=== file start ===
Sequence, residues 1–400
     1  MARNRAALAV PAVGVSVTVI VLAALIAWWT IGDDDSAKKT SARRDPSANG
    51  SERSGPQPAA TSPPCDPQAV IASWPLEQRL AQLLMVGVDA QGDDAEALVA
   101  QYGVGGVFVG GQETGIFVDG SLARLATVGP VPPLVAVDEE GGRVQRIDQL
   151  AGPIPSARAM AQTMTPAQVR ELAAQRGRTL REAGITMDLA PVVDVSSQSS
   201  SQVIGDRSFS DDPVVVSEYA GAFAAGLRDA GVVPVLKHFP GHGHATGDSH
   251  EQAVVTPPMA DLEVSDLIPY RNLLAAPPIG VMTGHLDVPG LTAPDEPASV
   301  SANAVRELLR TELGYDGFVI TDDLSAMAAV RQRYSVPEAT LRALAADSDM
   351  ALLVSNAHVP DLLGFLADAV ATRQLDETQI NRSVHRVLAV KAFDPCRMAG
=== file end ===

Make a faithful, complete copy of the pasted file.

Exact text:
Sequence, residues 1–400
     1  MARNRAALAV PAVGVSVTVI VLAALIAWWT IGDDDSAKKT SARRDPSANG
    51  SERSGPQPAA TSPPCDPQAV IASWPLEQRL AQLLMVGVDA QGDDAEALVA
   101  QYGVGGVFVG GQETGIFVDG SLARLATVGP VPPLVAVDEE GGRVQRIDQL
   151  AGPIPSARAM AQTMTPAQVR ELAAQRGRTL REAGITMDLA PVVDVSSQSS
   201  SQVIGDRSFS DDPVVVSEYA GAFAAGLRDA GVVPVLKHFP GHGHATGDSH
   251  EQAVVTPPMA DLEVSDLIPY RNLLAAPPIG VMTGHLDVPG LTAPDEPASV
   301  SANAVRELLR TELGYDGFVI TDDLSAMAAV RQRYSVPEAT LRALAADSDM
   351  ALLVSNAHVP DLLGFLADAV ATRQLDETQI NRSVHRVLAV KAFDPCRMAG